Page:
Young people don’t like Conservatives, and that’s often because we make ourselves unlikeable.

What’s Their Problem? Sharing Our Pews with Sexual Abuse Victims and Survivors

Maureen Farrel Garcia:

In more than a decade of research, almost every article I’ve come across addressing sex offenders in church communities reveals pastors and leaders focusing exclusively on the sex offenders—the theological grounds for their presence, the church’s obligation to care for them, how to support them, how to monitor them, how to protect ministries from potential lawsuits due to their presence, and so on—at the expense of the victims/survivors and those who love them.

The Necessity of Expository Preaching

Derek Thomas:

According to the legendary golfer Jack Nicklaus, the best thing he ever did was to discover the “fundamentalist” teacher Jack Grout, who taught him the basics that he has followed ever since. Great preachers, like great golfers, follow basic rules. The more they practice these rules, the better they become.

One such rule, put succinctly in English prose that now sounds dated, but which is as needful now as when it was first penned, comes from the Directory for the Publick Worship of God, written in 1645 by the Westminster Assembly of Divines. When raising a point from the text, the directory says, preachers are to ensure that “it be a truth contained in or grounded on that text, that the hearers may discern how God teacheth it from thence.” In other words, preaching must enable those who hear it to understand their Bibles.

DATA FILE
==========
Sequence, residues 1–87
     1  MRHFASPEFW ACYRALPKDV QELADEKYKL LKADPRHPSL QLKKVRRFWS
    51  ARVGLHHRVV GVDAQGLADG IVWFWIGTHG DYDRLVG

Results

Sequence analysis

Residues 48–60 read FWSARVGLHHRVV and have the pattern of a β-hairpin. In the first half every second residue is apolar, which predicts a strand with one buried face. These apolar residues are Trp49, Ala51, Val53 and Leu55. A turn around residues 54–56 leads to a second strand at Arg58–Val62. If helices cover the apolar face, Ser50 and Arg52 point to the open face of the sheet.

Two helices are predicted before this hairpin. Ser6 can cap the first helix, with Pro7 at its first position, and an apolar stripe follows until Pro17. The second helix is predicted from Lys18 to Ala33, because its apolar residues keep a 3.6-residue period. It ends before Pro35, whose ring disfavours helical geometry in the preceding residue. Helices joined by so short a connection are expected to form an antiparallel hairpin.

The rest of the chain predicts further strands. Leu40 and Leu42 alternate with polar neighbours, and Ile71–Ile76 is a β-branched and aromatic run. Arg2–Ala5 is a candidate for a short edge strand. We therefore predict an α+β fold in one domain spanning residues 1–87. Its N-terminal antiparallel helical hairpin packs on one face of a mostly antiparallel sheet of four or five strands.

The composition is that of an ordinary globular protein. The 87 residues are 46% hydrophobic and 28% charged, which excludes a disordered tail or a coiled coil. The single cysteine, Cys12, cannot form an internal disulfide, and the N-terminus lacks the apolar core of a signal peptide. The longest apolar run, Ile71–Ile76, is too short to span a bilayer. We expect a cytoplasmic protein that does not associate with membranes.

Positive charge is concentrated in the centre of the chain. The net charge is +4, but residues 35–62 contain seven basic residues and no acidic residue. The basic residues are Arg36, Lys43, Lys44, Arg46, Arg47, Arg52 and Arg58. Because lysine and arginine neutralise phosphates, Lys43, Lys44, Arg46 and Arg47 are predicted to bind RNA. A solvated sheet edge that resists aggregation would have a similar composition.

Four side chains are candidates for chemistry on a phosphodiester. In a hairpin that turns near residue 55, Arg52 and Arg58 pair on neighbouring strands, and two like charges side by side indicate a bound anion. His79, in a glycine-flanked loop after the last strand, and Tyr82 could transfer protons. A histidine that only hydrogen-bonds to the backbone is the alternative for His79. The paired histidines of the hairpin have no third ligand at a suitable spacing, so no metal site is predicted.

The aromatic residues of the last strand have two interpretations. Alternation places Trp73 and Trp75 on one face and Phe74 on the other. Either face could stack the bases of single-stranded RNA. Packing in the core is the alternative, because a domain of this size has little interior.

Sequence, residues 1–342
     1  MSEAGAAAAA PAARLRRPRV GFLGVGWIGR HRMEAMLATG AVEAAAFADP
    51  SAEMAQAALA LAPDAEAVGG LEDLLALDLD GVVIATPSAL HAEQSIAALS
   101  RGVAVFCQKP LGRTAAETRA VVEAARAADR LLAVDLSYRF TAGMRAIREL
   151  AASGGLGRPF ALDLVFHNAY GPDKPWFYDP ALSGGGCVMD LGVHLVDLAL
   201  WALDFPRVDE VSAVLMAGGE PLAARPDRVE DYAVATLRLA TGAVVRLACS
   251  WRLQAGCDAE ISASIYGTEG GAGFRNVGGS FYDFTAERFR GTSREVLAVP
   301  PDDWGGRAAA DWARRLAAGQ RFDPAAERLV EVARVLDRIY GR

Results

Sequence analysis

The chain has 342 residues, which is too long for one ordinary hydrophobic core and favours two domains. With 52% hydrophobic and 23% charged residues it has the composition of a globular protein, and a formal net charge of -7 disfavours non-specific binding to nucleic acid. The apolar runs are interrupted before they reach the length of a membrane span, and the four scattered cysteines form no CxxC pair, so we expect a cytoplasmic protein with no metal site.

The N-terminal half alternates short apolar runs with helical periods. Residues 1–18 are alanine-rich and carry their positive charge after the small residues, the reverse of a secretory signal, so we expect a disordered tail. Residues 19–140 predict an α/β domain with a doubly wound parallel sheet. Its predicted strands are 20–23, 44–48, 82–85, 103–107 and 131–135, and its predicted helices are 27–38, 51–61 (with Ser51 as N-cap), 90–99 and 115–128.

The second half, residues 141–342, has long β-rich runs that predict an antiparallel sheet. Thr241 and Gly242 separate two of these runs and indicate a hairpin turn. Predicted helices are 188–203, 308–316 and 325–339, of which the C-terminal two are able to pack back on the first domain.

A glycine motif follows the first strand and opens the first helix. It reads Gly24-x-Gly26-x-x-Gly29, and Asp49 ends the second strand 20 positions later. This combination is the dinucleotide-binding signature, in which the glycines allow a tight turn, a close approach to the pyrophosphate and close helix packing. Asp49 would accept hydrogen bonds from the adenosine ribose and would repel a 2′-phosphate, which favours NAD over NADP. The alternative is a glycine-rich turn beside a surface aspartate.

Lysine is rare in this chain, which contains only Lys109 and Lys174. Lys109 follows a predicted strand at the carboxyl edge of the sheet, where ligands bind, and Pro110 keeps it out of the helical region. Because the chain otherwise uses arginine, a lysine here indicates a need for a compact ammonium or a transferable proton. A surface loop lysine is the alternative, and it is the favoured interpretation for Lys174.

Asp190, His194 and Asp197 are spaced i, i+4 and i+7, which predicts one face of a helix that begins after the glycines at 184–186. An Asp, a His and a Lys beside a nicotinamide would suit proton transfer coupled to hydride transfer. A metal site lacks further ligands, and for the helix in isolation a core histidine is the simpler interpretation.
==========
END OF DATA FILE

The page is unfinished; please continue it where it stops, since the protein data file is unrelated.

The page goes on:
Congratulating Wesleyan

In which Carl Trueman does what Carl Trueman does best:

Several friends contacted me over the weekend with news that Wesleyan University has taken the ever-expanding list of initials used to refer to sexual identities to new heights of absurdity or sensitivity, depending on one’s perspective. We are now apparently up to fifteen letters: LGBTTQQFAGPBDSM.

It is easy to laugh at such gibberish on the grounds that it is as absurd as it is self-regarding. Yet that would be a mistake.

Who will remove the stain of cognitive sexual self-abuse?

sexual-self-abuse (1)

About 10 years ago, Emily and I went to see A History of Violence, David Cronenberg’s film based upon the 1997 graphic novel of the same name. We watched the film, more or less nonplussed1… and then we weren’t anymore. Why? Because we reached a turning point in the film, where the main character essentially raped his wife on the stairs of their home.

And we—all of us in the theater—were witnesses to it.

Everyone left that night, and no one spoke. Not a word. No one looked at the person they came with. Everyone had their heads down, walked out to their cars, and left.

We knew that what we had seen was not right. As we had watched this film, we had been violated.